Brief Fact Summary.
Plaintiff purchased property in Defendant’s subdivision prior to other homeowners amending a covenant that required all property owners to pay yearly dues of $50 to Defendant and gave Defendant permission to put a lien on any homeowner’s property who failed to do so. Plaintiff refused to pay dues. Defendant threatened to put a lien on Plaintiff’s property for failure to pay the dues. Plaintiff sued Defendant. The district court upheld the amendment but the court of appeals reversed, holding that the terms “change or modify” did not allow for the addition of an entirely new covenant because of the principle that any ambiguities in covenant language should be resolved in favor of free and unrestricted use of property. Defendant appealed.
Synopsis of Rule of Law.
A restrictive covenant can be changed to impose wholly new obligations and be enforced as modified if the covenant is clear and reasonable.
Evergreen Highlands Association (Defendant) is a homeowners association, which holds title and maintains a park area in the subdivision. There were protective covenants concerning the park, however, Defendant’s members did not have to pay fees or dues to Defendant. The covenants contained a modification clause that allowed the covenant to be waived, changed, or modified if approved by seventy-five percent of the owners. In 1995, the covenant was properly amended to require all owners to be members of and to pay annual dues of $50 to Defendant, and to permit Defendant to place liens on those properties failed to pays. Robert West (Plaintiff) purchased his lot before the amendment and refused to pay dues. Defendant threatened to record a lien of Plaintiff’s property.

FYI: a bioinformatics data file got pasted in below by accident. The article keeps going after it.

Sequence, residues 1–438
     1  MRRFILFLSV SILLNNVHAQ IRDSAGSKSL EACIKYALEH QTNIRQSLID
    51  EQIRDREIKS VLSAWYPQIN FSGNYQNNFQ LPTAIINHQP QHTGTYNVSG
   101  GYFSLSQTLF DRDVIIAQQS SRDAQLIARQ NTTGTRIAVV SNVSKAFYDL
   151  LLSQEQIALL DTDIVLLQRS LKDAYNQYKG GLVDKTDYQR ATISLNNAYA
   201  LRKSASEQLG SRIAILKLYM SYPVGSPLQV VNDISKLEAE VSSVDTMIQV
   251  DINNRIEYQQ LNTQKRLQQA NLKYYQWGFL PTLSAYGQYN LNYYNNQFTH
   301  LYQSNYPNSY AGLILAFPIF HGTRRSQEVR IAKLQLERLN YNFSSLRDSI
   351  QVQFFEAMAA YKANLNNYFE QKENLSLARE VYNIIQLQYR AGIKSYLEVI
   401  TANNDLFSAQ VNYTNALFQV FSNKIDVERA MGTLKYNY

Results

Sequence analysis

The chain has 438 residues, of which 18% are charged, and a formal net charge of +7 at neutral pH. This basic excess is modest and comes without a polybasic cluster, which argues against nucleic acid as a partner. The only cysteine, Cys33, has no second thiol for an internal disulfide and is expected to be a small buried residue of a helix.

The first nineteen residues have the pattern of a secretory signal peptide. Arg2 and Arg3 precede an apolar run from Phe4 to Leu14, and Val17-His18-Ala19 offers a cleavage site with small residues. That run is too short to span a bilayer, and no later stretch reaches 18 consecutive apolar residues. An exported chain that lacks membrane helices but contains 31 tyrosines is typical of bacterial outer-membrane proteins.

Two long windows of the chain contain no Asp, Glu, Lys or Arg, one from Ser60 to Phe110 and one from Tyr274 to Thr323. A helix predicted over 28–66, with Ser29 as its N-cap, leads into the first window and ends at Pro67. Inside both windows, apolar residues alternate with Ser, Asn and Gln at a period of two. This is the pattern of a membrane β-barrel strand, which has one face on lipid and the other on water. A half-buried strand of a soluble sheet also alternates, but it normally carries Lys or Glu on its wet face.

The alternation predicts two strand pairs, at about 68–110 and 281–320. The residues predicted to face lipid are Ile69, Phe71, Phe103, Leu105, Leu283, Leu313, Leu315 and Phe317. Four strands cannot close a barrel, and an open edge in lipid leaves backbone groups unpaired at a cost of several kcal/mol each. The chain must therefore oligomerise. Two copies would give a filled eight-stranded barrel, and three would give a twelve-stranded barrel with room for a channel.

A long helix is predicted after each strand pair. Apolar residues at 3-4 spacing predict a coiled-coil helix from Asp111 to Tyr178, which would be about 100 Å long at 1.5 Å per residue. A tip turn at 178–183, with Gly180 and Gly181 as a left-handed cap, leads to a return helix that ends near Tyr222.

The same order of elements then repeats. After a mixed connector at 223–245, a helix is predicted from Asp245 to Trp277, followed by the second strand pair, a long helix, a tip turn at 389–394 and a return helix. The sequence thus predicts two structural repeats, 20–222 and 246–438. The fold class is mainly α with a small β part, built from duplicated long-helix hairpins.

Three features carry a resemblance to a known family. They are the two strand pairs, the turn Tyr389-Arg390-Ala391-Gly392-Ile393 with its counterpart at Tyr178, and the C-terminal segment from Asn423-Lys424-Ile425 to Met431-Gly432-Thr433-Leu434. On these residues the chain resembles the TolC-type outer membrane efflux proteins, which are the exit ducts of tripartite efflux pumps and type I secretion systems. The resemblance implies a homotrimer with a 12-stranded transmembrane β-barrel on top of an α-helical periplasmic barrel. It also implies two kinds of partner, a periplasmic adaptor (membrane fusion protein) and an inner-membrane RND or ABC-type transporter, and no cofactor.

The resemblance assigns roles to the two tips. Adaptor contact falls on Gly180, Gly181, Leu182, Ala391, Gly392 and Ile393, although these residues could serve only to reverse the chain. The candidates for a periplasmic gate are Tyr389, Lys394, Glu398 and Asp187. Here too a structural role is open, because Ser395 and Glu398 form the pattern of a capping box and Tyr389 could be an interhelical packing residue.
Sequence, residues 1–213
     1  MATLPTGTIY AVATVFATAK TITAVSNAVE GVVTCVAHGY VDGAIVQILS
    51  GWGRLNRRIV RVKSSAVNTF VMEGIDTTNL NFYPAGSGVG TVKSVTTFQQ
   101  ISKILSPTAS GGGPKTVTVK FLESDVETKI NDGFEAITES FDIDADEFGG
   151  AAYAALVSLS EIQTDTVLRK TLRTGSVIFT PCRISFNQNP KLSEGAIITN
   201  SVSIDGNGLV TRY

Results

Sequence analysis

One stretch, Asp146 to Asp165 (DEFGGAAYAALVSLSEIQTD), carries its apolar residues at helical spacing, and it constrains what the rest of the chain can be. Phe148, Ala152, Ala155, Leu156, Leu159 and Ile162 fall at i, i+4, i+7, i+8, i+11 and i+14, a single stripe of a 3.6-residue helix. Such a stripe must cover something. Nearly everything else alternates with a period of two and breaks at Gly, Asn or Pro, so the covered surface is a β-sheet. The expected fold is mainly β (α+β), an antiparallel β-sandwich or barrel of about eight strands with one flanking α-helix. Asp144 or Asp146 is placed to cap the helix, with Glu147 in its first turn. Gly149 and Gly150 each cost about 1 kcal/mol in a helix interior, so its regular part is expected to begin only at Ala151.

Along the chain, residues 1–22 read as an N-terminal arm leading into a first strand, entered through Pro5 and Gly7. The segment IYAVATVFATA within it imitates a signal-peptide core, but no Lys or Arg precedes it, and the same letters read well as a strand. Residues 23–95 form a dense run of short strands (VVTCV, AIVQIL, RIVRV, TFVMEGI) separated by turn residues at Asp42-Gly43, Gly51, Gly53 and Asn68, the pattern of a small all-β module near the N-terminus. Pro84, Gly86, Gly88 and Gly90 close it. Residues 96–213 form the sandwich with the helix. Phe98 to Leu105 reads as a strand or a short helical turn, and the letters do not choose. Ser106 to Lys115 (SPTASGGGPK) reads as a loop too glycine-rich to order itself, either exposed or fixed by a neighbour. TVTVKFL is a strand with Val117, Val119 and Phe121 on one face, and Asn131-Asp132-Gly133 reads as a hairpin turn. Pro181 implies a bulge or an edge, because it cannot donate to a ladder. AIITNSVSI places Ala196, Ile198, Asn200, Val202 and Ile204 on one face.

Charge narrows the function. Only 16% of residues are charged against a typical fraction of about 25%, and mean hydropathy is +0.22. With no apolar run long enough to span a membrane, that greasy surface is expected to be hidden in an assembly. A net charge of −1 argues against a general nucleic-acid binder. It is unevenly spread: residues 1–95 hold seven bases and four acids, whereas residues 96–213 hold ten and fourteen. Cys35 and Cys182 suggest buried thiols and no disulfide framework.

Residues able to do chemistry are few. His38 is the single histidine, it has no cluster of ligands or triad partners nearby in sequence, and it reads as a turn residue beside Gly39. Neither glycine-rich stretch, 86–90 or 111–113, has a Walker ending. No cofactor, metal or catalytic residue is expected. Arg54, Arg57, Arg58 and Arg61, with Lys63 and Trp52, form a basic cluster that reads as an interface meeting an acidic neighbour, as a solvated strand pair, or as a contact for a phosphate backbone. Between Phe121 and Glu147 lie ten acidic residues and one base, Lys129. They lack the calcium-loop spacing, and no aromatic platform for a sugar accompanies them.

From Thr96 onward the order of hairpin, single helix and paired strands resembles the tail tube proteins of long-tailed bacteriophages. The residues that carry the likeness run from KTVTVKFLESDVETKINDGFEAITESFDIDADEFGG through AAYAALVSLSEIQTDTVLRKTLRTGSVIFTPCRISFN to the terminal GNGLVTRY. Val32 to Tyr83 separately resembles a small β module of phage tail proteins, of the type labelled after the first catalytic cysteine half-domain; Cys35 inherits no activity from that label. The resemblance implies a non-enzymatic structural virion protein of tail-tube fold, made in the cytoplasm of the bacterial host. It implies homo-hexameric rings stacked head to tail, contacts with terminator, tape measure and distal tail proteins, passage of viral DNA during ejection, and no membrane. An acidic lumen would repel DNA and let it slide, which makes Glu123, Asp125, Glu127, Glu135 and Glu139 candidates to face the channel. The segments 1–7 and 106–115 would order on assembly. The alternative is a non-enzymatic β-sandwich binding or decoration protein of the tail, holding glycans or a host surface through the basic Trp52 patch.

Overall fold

Whether a restrictive covenant may be changed to impose wholly new obligations and be enforced as modified.
Yes. The court of appeals’ decision is reversed and directed to remand the case for calculation of damages. A restrictive covenant can be changed to impose wholly new obligations and be enforced as modified if the covenant is clear and reasonable.
Similarly, this court has stated the rule as follows: in construing a building restriction, all doubts must be resolved against the restriction and in favor of free and unrestricted use of property.View Full Point of Law
Courts must construe covenants as written if clear on its face or as a whole based on their purpose. Ambiguities will be resolved to favor the free and unrestricted use of property. The plain meaning of the phrase “change or modify” permits the covenant to be changed by addition, subtraction, or modification. Moreover, the proper procedures were followed to amend the covenant, Plaintiff had notice of the covenant’s amendment clause, and the annual fee of $50 is not unreasonable, and proper maintenance of the park surely enhances the value of Plaintiff’s property.